Or, everyone else (including the non-manufacturing Chinese workers) have service jobs that provide them sufficient wage to purchase the output of that one productive worker.

    Production may create value, but consumption realizes value.

    Unfortunately, I believe that even if manufacturing were re-established in the US, the lack of a union culture (destroyed) and the increased “productivity” of employers to suppress unions would end up with manufacturing jobs paying $8/hour.

    I don’t know that going back in time using old tactics is the proper strategy here. I realize that some unions are adjusting – not union bashing here, but there is an element of the “good old days” in some of rhetoric.

    The solution is to build more public wealth and goods – whether these are assets, products or services. Producing more commodities to circulate in private markets is not going to increase the public’s share of wealth regardless of where the factories are located.

  4. Pebird,

    Or, everyone else (including the non-manufacturing Chinese workers) have service jobs that provide them sufficient wage to purchase the output of that one productive worker.

    Therein lies the rub. We can export all of our increasing return industries today in exchange for a bit of extra consumption, sure, but what happens when this productive capacity is gone and China no longer wants to trade on terms that allow us to buy that output? It is very hard to get productive capacity back when it is gone — ask Argentina, which used to be a rich nation prior to World War I. This is why each nation should contain sufficient increasing-return industries to allow it have increasing productivity internally, so that button pusher is under the political control of those who can ensure that the goods are distributed to the population. Sell off the button pusher to boost consumption, and you will lose out, long term.

    The same goes for developing countries. They can cultivate their own increasing-return industries, protected behind trade barriers, as has every industrial power. The richer powers can send aid in terms of skills, education, and training. When those industries become a bit more mature, then can trade with nations of similar developmental level, eventually graduating up to the majors. When an industry cannot compete — well it is better to have an inefficient industrial sector than to not have one at all. An inefficient industrial sector has the potential to be more productive in the future. A nation of waiters and exporters of cash-crops will never be more productive. That nation has reached its peak standard of living, and the only possible increase is a long slog of trying to acquire more productive capital.

    The key is self-reliance, just as with currencies, also with productive capacity.

  5. The fallacy (respectfully submitted) is that manufacturing is an increasing return industry. Perhaps, but to whom?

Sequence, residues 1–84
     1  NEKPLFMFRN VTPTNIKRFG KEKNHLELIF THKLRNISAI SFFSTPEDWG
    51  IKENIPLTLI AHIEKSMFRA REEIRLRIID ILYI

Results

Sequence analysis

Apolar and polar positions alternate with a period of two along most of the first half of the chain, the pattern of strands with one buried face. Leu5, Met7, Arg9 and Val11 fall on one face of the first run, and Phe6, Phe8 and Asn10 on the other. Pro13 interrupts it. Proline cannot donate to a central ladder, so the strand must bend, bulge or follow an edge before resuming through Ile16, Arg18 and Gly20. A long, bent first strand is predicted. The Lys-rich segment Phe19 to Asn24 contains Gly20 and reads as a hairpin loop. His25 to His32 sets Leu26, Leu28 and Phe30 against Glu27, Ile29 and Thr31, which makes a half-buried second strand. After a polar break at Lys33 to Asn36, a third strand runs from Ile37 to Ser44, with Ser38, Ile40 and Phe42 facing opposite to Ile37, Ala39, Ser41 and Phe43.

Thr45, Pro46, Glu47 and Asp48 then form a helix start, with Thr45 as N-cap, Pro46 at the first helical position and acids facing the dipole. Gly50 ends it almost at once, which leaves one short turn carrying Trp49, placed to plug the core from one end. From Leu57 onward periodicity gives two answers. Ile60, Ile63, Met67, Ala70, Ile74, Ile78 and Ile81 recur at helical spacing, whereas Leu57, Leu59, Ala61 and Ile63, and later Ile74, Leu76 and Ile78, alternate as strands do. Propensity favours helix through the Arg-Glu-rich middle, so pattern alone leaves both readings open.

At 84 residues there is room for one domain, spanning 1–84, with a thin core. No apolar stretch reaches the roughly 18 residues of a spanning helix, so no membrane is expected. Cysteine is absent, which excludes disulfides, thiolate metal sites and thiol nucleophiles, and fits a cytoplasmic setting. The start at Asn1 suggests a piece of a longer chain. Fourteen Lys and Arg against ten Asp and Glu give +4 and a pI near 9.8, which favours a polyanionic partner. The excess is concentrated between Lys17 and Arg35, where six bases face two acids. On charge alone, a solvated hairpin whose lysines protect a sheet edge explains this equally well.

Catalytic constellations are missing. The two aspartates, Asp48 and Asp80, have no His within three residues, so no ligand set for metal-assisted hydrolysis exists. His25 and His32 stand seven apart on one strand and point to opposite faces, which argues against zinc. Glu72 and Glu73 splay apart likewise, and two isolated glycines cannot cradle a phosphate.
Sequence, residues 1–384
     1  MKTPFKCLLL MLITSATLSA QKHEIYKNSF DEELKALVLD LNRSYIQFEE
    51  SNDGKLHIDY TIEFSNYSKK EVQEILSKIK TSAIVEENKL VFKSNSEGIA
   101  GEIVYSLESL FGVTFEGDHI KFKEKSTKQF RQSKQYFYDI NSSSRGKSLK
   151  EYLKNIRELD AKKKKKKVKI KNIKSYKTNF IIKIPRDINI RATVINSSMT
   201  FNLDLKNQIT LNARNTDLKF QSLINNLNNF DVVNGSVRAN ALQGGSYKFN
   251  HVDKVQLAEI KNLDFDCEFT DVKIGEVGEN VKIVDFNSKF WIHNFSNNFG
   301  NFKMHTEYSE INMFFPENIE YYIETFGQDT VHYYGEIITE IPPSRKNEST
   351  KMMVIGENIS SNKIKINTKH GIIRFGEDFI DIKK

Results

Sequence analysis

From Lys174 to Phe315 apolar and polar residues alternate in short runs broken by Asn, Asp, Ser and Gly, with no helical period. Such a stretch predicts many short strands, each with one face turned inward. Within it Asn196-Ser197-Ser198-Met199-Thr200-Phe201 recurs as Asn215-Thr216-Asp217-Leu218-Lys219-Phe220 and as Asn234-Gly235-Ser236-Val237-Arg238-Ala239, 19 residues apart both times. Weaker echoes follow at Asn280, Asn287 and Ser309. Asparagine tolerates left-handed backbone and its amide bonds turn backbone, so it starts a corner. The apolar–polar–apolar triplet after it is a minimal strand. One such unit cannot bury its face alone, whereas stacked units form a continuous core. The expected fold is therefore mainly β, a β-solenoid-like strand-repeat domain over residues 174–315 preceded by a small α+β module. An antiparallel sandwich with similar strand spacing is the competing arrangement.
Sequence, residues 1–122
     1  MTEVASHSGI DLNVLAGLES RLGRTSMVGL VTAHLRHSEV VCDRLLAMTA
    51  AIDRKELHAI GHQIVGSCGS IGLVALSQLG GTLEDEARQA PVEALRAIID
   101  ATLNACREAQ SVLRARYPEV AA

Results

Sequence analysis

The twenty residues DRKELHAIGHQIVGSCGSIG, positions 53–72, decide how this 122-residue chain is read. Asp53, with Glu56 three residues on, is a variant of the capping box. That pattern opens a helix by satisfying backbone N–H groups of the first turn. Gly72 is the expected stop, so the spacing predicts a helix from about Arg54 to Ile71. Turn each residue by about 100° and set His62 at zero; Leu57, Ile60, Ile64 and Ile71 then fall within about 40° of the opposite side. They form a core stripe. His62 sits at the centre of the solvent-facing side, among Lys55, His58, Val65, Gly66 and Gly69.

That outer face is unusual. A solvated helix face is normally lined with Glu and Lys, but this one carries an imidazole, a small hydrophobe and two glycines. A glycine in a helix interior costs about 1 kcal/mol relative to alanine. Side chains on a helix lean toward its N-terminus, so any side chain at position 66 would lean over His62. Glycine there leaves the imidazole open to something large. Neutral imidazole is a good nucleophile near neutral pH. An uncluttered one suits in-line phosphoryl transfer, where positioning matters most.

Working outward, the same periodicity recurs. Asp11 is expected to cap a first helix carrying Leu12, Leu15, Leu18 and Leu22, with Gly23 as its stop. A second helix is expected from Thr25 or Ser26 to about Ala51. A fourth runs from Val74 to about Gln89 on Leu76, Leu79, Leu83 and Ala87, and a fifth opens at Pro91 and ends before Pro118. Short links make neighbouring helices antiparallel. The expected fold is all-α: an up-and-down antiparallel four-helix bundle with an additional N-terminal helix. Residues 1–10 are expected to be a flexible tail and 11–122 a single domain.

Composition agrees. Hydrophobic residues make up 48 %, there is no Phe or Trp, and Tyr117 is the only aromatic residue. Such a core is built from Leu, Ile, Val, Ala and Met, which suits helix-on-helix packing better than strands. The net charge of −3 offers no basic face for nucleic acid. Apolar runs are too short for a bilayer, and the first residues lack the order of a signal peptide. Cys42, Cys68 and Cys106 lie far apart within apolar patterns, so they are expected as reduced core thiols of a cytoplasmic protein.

Manufacturing has increased productivity by such a degree that planned obsolescence was incorporated in the 50’s, duplicative product design (branding) in the 60s-70s, throwaway electronics in the 80-90s, and overproduction of auto, electronics, aircraft, consumer goods in the 21st century.

    The increasing return in manufacturing is the ability to produce more quantity with less labor.

    Now, the US still has relatively strong capital equipment manufacturing (Caterpillar, machine tools), but there is not a lot of job growth there either, overcapacity and output productivity the reasons.

    I don’t dispute your thesis on productive capacity – of course a nation must provide value in excess of their needs, and there is the risk of specialization, so there has to be diversification of industries.

    But I don’t want to privilege any industry sector. What provides a nation competitive survival is flexibility and quickness in response to change. How do you get that? Public goods: education, rebuilt cities (livable density for speed of information), modern transit, health care, legal apparatus, research, public technology, etc.

    Remember that when investment poured into China, the most recently available capital goods were placed into factories (maybe not in the density that would be in the West due to higher cost labor). If the US rebuilds its manufacturing capability, it will be with the most productive capital equipment available – how many manufacturing jobs can realistically be provided without creating immense overcapacity?

    Of course countries should have manufacturing, they should also have agriculture, energy, pharmaceutical, chemical and defense industries and more. And they all do. But how much is really necessary? What is the proper proportion?
    I don’t think there is a simple or magic formula – its a constantly moving target. People are self-reliant – in a incredible variety of activities.

    You know, from the perspective of the US public the relationship with China “could” have been financed by public spending instead of private debt. There could have been public jobs in a variety of service industries, the public would not now be is such financial trouble.